Dua Lipa captured the world’s attention with the nearly inescapable, summer smash “New Rules” in 2017. She continued the streak with 2018’s “One Kiss” with Calvin Harris, and alongside a slew of other hits from her self-titled debut (such as “IDGAF” and “Blow Your Mind (Mwah)”), Lipa was awarded the Grammy’s Best New Artist (BNA) award in 2019.
There is, unfortunately, a curse often associated with the BNA—that the winner will no longer reach the heights of success they once had and, essentially, fade into nonexistence. One member of the Starland Vocal Band (who won the BNA in 1977) even called the award the “Kiss of Death.” The curse seems to have fixated its magic on winners Alessia Cara (2018), Esperanza Spalding (2011), Norah Jones (2003) and more.
Lipa, however, is here to stay, with her career on a steady incline. She just reached her highest spot on the Billboard Hot 100 at number two with “Don’t Start Now.” The disco track blew up on TikTok, its clean production and empowering message boosting its popularity. Lipa sings, “Did the heartbreak change me? / Maybe, but look at where I ended up” — TikTok famous, with an incredible sophomore album. The rest of Future Nostalgia, released Mar. 27, 2020, is just as fantastic as “Don’t Start Now.”
The electrifying “Hallucinate” will get stuck in your head, and “Levitating” is pure magic—the jaunty, sweet swings of guitar and ringing synths create a lively atmosphere, aided by Lipa’s cheeky delivery. “Physical” could be a Halloween staple; the darker sound, with its airy percussion and reverberating synths, combines with the adventurous lyrics to form that classic Halloween vibe.
However, up-tempo, fun songs aren’t the true stars of Future Nostalgia, and neither are the mid-tempo tracks. It’s the concepts hidden behind the catchy hooks and earworms that set Future Nostalgia apart from its competitors. Lipa set a goal for herself to update and personalize an old style; she flawlessly achieved that. Future Nostalgia is a callback to the synth-pop, new wave standards of the 80s. Lipa counters that nostalgia, though, with lyrics that discuss modern issues, like feminism and sexuality—issues too sensitive and forward-thinking for the 80s.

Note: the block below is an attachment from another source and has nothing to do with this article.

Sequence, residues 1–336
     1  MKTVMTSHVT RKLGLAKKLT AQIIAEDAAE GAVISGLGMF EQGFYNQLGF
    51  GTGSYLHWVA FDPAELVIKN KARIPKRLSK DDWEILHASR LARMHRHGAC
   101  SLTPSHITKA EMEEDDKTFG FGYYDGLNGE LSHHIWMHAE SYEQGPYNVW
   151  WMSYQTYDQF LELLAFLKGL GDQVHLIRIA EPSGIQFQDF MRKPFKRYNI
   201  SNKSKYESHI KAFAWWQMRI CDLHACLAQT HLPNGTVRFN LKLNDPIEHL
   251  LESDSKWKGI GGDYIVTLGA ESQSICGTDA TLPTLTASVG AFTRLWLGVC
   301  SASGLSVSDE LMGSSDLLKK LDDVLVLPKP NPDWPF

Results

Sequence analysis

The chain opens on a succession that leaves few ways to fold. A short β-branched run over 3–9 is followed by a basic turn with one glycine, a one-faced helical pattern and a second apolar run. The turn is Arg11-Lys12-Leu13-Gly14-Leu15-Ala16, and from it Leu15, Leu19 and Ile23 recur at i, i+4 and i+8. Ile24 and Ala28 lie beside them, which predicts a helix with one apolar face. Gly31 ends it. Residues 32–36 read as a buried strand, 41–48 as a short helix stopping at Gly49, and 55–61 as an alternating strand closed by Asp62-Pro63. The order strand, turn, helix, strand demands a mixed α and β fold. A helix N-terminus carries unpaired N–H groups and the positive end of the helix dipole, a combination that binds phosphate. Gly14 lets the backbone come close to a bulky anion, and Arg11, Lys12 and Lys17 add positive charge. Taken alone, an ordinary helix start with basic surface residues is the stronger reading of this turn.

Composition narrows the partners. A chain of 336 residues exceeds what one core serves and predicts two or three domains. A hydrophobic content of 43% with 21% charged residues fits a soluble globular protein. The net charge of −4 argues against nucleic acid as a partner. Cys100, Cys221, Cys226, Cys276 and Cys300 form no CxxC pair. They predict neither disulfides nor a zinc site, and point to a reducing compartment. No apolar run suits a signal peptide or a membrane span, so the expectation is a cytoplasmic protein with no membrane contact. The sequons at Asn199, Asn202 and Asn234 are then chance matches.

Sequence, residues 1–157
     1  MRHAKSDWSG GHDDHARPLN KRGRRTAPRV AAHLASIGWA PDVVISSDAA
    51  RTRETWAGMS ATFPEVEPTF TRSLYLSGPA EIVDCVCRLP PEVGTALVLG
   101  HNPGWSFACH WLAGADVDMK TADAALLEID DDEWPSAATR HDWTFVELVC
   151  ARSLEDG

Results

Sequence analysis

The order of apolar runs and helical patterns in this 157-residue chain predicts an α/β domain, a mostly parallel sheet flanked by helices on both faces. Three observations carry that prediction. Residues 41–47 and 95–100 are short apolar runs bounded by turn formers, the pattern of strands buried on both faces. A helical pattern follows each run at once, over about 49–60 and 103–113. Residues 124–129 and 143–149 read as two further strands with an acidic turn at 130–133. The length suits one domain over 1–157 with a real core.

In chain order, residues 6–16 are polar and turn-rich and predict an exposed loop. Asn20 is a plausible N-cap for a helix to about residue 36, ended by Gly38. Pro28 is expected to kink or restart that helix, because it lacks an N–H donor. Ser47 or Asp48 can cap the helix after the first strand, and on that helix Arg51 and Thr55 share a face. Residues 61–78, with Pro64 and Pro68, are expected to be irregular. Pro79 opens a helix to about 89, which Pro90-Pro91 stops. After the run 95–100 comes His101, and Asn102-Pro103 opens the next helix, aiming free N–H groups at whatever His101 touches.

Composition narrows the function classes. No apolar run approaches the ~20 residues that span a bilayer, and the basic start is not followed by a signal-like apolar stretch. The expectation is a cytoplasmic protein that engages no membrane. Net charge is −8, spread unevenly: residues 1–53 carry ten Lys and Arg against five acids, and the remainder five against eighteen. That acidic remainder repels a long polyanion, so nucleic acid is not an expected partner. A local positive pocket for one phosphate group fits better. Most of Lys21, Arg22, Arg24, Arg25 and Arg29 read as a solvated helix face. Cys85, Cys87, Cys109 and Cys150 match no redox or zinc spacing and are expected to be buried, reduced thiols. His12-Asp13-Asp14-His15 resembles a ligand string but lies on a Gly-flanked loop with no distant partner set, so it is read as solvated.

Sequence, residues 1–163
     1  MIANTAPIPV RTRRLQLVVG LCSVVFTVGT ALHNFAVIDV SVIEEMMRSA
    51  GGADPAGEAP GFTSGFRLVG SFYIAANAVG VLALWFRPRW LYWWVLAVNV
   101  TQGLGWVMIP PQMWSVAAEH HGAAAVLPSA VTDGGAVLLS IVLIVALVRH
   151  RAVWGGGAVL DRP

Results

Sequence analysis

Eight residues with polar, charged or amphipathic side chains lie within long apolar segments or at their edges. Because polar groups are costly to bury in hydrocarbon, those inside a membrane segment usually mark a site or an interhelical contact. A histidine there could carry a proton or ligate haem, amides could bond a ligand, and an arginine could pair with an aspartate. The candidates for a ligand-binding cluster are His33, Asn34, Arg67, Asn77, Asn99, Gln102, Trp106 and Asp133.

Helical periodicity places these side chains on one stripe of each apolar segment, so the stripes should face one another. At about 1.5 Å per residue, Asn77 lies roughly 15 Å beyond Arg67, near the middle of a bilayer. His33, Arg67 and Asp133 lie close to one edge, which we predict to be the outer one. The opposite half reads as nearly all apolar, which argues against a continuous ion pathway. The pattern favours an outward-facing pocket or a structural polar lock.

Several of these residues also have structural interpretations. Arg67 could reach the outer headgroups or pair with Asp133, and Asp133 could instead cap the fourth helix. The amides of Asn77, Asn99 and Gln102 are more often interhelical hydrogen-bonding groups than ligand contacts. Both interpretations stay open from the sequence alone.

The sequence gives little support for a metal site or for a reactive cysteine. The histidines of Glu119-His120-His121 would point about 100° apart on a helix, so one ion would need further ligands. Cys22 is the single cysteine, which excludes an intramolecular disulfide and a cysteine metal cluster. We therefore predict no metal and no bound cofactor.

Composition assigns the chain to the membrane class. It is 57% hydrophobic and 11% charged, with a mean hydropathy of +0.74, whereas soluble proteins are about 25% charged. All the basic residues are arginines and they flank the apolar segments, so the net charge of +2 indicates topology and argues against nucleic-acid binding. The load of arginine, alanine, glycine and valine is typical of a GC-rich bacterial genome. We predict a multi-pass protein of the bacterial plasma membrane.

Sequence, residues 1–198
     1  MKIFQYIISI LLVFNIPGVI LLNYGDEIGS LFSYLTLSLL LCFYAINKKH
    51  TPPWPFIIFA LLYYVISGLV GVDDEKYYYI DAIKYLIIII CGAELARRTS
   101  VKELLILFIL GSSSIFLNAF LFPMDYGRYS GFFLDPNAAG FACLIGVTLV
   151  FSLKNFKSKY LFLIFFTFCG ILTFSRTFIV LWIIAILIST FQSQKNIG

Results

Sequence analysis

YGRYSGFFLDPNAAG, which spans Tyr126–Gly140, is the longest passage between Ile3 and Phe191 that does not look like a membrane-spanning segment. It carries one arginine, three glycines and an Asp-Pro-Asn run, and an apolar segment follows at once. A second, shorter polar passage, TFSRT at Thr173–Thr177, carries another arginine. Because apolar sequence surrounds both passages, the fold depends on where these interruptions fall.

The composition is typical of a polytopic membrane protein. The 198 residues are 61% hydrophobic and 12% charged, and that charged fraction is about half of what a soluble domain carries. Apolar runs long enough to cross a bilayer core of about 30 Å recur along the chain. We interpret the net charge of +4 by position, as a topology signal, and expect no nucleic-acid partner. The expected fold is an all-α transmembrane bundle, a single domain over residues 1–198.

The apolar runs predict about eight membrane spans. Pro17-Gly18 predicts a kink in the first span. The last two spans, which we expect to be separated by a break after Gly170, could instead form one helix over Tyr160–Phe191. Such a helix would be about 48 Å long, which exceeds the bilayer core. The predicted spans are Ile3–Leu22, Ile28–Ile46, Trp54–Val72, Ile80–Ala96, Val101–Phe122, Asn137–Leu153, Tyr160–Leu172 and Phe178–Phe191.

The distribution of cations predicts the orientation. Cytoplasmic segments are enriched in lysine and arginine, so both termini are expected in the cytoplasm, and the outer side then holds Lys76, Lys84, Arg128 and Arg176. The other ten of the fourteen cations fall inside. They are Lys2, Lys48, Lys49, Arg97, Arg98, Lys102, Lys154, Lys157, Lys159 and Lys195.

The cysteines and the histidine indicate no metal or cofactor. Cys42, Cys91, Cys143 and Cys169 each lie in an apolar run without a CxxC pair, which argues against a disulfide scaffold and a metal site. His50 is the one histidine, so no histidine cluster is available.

For example, “Break My Heart” samples 1987’s “Need You Tonight” by INXS. After some sprucing from Lipa, a once lust-ridden track became one about finding power within vulnerability. Additionally, “Good In Bed” dedicates itself to Lipa’s sexuality, discussing the sense of empowerment it gives her.
Most importantly, though, Lipa touches on feminism and misogyny. On “Future Nostalgia,” the wonky sound effects, winces of guitar and gritty synths make for an exuberant chorus as Lipa defines her place in the music industry, singing, “I know you’re dying trying to figure me out / My name’s on the tip of your tongue, keep running your mouth / You want the recipe, but can’t handle my sound… I know you ain’t used to a female alpha.” Also, the closing track, “Boys Will Be Boys,” is a powerful commentary on the sexism women face daily. In time with the hollow plucks of violin, Lipa sarcastically adds, “I’m sure if there’s something / That I can’t find the words to say / I know that there will be a man around to save the day / And that was sarcasm, in case you need it mansplained.”
Overall, Future Nostalgia is an impeccable record, with its clean, innovative sound and sharp lyricism. At the beginning of the album, Lipa remarks, “You want what now looks like, let me give you a taste.”
She certainly did.
9 / 10
Give Future Nostalgia a listen yourself!